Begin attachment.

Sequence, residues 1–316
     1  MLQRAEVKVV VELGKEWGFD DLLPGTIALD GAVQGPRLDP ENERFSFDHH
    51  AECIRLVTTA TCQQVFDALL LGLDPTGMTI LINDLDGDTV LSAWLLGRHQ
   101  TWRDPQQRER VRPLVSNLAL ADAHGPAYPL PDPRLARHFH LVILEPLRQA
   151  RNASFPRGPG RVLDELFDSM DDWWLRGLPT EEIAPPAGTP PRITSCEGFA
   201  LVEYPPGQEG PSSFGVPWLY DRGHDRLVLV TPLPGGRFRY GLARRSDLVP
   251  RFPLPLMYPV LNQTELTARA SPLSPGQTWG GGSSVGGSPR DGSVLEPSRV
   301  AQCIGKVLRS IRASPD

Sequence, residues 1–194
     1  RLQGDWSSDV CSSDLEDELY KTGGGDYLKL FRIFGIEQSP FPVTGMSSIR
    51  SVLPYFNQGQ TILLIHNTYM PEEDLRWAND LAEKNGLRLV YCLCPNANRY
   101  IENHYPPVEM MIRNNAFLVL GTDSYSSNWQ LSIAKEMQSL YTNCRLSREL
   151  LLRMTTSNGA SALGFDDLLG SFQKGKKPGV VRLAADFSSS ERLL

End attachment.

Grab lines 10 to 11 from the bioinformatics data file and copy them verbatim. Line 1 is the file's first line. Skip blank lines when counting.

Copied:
     1  RLQGDWSSDV CSSDLEDELY KTGGGDYLKL FRIFGIEQSP FPVTGMSSIR
    51  SVLPYFNQGQ TILLIHNTYM PEEDLRWAND LAEKNGLRLV YCLCPNANRY